"We're tons of fun," chortled Mr. Scott, noting the combined girth of interviewer and interviewee. "I really am impressed," the "Today" showman said of the park, echoing the sentiments of seemingly everyone who has passed through the stadium's doors in its first days of life. "I'd heard so much about the inside, but the outside is spectacular."
For Brooks Robinson, the park was a trip down memory lane.
"This is what fields looked like when I broke into the majors in the '50s -- Ebbets, Forbes, Crosley," Mr. Robinson said. "That's what it's all about. I think it's a great trend for baseball. In the '70s, the baseball stadiums they built, you closed your eyes and opened them and you didn't know where you were. You open your eyes here, you know you're in Baltimore."
Stadium workers were so busy with last-minute touch-ups, they only occasionally looked up to see the celebrities around them.
"Hey, is that Boog Powell?" one man sweeping in the stands called out to another.
"I think that is his big old self," the other answered.
Grace Blackstone, owner of A & G cleaning service, had 17 workers sweeping and polishing in the stands.
"We represent Charm City," said Ms. Blackstone. "Looking good is really important, especially when we have so many prestigious people coming -- the president, the governor."
It seems a waste, all this cleaning when just hours later would
be a swell of beer-spilling, popcorn-dropping fans. But Ms. Blackstone seemed unfazed.
"We're expecting a mess today," she said. "But that's what we're here for."
Some workers arrived for what they expected would be a 20-hour day -- but they seemed happy about it.
"I'm pumped up!" declared David Jacobs, 32, a deli worker. "This is more than just a job."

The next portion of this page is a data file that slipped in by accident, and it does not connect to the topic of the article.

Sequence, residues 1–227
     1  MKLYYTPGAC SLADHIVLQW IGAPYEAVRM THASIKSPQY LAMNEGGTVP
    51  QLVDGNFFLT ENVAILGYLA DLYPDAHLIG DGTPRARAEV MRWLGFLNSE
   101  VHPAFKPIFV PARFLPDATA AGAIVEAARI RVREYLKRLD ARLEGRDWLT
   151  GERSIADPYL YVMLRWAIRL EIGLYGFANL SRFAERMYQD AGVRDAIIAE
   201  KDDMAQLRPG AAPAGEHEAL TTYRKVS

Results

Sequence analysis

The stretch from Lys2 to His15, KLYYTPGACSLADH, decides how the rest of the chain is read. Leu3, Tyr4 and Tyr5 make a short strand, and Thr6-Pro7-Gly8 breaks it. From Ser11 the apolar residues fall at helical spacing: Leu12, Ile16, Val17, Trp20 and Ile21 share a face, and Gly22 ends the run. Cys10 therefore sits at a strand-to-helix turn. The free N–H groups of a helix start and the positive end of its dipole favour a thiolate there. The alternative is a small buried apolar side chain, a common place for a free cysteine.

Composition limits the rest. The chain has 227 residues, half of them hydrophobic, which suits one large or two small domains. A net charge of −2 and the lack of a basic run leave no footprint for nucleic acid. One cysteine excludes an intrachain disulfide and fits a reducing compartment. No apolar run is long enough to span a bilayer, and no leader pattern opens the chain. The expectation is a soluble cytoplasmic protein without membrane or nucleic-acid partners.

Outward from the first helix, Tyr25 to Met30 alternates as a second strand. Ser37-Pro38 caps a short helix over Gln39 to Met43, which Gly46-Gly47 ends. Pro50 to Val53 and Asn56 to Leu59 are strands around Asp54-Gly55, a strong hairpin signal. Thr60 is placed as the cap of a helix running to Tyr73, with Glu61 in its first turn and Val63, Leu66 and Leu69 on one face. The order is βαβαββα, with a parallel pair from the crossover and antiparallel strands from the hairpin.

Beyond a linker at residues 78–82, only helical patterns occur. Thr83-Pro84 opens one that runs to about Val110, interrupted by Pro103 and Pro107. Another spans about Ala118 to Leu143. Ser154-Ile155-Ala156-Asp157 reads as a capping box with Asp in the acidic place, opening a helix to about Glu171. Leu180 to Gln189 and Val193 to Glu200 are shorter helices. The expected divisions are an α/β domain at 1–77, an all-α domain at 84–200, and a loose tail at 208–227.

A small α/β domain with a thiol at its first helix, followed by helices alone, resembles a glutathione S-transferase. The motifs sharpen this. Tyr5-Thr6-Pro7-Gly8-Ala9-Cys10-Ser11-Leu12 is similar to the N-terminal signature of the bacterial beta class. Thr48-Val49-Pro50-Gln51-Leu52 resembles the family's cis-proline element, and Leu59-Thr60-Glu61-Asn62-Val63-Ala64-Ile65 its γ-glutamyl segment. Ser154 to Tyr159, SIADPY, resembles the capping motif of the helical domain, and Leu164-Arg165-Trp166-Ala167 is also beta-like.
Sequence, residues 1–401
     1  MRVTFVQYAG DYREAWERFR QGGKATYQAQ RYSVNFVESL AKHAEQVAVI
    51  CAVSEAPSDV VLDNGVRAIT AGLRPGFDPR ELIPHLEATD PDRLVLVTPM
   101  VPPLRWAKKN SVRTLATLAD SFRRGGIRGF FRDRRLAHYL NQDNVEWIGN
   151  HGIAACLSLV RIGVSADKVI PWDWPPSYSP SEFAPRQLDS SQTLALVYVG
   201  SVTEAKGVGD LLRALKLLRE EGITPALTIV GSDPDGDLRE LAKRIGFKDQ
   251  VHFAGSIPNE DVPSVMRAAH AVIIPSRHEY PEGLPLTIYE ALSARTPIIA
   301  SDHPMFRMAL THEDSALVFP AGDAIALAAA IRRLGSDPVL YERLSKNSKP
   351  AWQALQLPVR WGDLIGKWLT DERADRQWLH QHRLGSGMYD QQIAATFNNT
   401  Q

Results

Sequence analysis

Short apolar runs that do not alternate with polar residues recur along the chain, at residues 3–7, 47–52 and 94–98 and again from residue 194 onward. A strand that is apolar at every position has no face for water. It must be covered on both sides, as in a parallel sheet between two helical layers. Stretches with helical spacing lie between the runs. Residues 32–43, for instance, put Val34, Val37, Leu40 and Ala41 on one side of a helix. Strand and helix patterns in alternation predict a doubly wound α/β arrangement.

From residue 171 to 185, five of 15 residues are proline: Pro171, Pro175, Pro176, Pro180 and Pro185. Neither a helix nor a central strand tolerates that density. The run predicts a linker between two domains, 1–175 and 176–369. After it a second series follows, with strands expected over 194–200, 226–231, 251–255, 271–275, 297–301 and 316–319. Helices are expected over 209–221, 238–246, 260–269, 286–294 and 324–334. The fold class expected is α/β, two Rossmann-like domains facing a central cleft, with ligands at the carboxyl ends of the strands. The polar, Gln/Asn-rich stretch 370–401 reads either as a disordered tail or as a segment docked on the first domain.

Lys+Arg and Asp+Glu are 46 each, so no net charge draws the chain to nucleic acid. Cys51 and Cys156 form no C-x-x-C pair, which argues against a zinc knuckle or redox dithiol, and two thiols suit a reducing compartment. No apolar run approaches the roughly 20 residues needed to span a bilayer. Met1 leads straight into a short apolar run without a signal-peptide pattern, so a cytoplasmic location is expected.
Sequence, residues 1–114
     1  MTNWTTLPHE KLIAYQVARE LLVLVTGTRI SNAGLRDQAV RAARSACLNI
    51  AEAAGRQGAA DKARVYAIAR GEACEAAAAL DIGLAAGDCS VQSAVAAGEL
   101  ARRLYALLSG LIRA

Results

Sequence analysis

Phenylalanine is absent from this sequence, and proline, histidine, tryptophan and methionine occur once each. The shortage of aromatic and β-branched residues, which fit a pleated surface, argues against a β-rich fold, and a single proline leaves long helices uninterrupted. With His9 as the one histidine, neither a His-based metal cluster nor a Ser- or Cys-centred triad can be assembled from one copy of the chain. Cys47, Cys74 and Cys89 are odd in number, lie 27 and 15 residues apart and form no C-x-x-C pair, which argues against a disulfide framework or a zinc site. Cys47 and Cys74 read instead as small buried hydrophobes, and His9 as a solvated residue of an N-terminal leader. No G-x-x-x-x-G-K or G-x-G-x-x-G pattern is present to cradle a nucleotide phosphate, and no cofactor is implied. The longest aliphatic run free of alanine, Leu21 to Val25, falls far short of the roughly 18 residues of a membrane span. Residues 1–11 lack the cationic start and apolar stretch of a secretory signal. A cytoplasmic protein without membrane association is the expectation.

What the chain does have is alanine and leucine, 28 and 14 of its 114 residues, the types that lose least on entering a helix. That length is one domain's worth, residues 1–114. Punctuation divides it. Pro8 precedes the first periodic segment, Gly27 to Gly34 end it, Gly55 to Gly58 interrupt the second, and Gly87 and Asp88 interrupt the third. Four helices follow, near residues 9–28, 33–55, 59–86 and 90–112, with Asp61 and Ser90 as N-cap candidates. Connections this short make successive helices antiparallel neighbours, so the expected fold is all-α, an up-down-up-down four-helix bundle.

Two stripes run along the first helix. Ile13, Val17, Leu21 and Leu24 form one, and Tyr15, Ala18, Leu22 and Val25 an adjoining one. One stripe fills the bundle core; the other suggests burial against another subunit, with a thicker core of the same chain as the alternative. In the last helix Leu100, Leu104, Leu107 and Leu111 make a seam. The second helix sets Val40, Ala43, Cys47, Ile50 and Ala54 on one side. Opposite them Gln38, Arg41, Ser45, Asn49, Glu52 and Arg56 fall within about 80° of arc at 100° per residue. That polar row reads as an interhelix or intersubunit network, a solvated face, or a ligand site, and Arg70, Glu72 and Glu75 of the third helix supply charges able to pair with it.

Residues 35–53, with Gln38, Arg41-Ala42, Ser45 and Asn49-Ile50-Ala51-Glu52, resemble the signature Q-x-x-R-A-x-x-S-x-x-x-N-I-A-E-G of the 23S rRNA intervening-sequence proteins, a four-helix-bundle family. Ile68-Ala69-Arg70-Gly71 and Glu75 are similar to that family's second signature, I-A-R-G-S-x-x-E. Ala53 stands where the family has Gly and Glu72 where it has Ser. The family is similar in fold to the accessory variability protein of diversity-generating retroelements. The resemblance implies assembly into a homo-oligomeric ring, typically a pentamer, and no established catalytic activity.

"It's an adventure," agreed Robert Liverman, 22, his co-worker.
As the morning rush hour of the workaday world coursed by on the surrounding streets, several pedestrians strolled up to the stadium to peek into the field and catch glimpses of the visiting media.
Some fans apparently took the weeks of warnings about traffic jams and crowded rail cars to heart.
"They said to come here early, so here I am," said Jim Curtis, 35, of Dundalk.
But, Jim, it's 7 o'clock in the morning!
"Well, I thought I'd park, go to Harborplace," said Mr. Curtis, an unemployed steelworker.
Off work for more than a year, getting to go to Opening Day -- courtesy of some friends who are season ticket holders -- is especially meaningful.
"It's been a long, cold winter," said Mr. Curtis, bundled against the cold in a Durham Bulls warm-up jacket. "I've never been to an Opening Day, and this is the one to go to."
Other early-morning denizens weren't staying for the real event.
"I'll stay to watch the opening pitch, but I have to get on a 4:30 [p.m.] train and see a Broadway show tonight," said Phil Beauth, president of ABC's early morning and late night entertainment division. "And then we have another show to do tomorrow."
For still others scrambling through the increasingly familiar innards of the new stadium, they're not sure when they arrived for work today, versus when they left for home yesterday.
"The last week has been one big blur," said James W. Kee, director of technical services for ARA, the concessions people. "But now, it's show time."
"We finished the parade around 10 last night, then some of us were here at 3 a.m.," said Channel 2 technician John Ziemann. "It was kind of eerie, but it was great seeing the sun rise over the stadium for the first day."